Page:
From Lima, we took the Cruz del Sur bus down to Nasca to see the Nasca Lines. We met Tom and Anna, a British couple that are on a year-long honeymoon, on the bus to Nasca. We would later run into them several times during our trip even though we were on very different itineraries. We got to Nasca in the evening, dropped our stuff in the hotel, and then arranged for a flight over the lines the next day.
For scale, the tiny dots in the photographs of the lines are large rocks. We lucked out in choosing a company (Aereo Expreso Moche) that operates a plane with no wing struts obstructing the view from the windows. The lines have mixed reviews from other travellers; you either think they're incredible or you don't see what the fuss is. We thought that the lines are quite incredible and certainly worth the detour down to Nasca. We only stayed one night in Nasca before taking the (very expensive) overnight bus to Arequipa. We had not heard of the Cial bus company before but the bus turned out to be nicer than the Cruz del Sur buses that we'd taken.
We ended up spending almost a week in the Arequipa area. In Arequipa, we stayed in Hostal Santa Catalina (500 Santa Catalina, 054 243705), which has an awesome view from its roof patio. In addition, the two men running the place are very friendly. We also found a good restaurant, Nina Yaku (211 Calle San Francisco), a few blocks north of the Plaza de Armas.
In total, we spent two days in Colca Canyon, two days on El Misti, and two days in the city to relax and wander around. We went to Colca Canyon because I wanted to spend a couple of nights sleeping at higher elevations before going to El Misti; I wasn't really expecting much from that trip and Colca Canyon lived up to my expectations. Colca Canyon isn't as impressive looking as the Grand Canyon despite being twice as deep. I'd recommend skipping Colca Canyon if you don't have any compelling reason to visit it but your mileage may vary. Monasterio de Santa Catalina in Arequipa was interesting and it's probably a better experience if you get a guide as well. We felt compelled to visit the Juanita museum after El Misti and it was a highlight of our stay in Arequipa; the textiles and mummies on display were incredibly well preserved.
We signed up for a trip to El Misti with Zarate Expediciones. It cost more than the other agencies but we were quite keen to go on the trip with Carlos Zarate (84 years old at the time) who discovered a number of Inca sacrifices at the top of volcanoes near Arequipa. His son, Miguel Zarate, was the one that found Juanita together with an American archaeologist. Carlos was full of information about his climbs in the area, he would frequently point at something and tell us that he found x number of mummies and Inca artifacts x number of years ago. In fact, our trip was his 384th summit of El Misti!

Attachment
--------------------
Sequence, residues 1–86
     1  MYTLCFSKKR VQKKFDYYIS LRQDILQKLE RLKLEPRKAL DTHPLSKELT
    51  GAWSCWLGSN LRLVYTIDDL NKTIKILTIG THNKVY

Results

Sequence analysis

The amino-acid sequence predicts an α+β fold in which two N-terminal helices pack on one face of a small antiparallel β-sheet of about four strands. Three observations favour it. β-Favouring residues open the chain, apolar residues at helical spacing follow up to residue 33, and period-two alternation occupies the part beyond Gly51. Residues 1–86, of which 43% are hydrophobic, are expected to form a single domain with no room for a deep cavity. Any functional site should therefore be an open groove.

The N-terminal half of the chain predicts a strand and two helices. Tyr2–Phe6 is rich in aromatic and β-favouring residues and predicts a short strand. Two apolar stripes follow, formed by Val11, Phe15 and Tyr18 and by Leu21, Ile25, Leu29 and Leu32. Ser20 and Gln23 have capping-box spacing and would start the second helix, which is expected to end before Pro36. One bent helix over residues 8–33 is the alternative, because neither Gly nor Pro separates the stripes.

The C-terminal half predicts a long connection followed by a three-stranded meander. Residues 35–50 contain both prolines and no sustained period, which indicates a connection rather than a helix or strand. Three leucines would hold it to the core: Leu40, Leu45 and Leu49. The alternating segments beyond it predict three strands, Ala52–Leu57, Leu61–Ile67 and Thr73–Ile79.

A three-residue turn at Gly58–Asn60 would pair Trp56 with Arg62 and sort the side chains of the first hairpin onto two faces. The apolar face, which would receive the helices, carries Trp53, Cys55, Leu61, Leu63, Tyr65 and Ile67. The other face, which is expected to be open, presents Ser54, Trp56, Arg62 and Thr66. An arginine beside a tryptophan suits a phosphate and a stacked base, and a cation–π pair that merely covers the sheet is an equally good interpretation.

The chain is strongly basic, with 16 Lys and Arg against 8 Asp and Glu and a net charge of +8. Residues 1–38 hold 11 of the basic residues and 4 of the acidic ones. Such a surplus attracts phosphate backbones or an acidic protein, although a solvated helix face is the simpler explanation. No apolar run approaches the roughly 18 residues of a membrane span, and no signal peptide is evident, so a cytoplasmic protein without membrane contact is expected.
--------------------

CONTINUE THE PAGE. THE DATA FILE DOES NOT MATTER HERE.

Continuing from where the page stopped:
For a walkup, El Misti was physically strenuous for several reasons: 1) we were barely acclimitized for those heights after spending two nights at 2000 meters (Arequipa) and one night at 3600 meters (Chivay), and no real physical exertion at those altitudes. 2) This period was the second day of my 12 day bout with food poisoning and a bad cold that plagued me through the trip. 3) The trailhead was at 3415 m (11,204 ft) and the summit was at 5827 m (19,117 ft), translating to an elevation gain of almost 8,000 ft to be covered over two days. 4) There's no water on the mountain and we had to carry 12 liters for both of us for 2 days. 5) I forgot to pack my energy drinks to Peru, which would have been quite helpful since I couldn't eat any solid food. On hindsight, I think a better choice for acclimitization is Chachani because, although higher, it is an easier climb since from trailhead to summit is only 1000 meters over 2 days.
When we reached the crater rim, it started to snow, and Serene and I hurried to make the summit before the weather broke completely. We ended up descending at the start of a snowstorm that plastered the upper part of the mountain with snow that was visible from Arequipa the next day. Descending El Misti was a breeze since you get to scree surf all the way down; bring good gaiters for your trail runners! The weather broke after this point in our trip and it rained almost every day from then. I'd wanted to climb in the Cordillera Real (Bolivia) but gave those plans up because of the weather.
From Arequipa, we went to Copacabana in Bolivia. We stayed in Copacabana during the New Year period and observed that it was packed with Bolivian tourists because Copacabana appears to be the only public beach in landlocked Bolivia.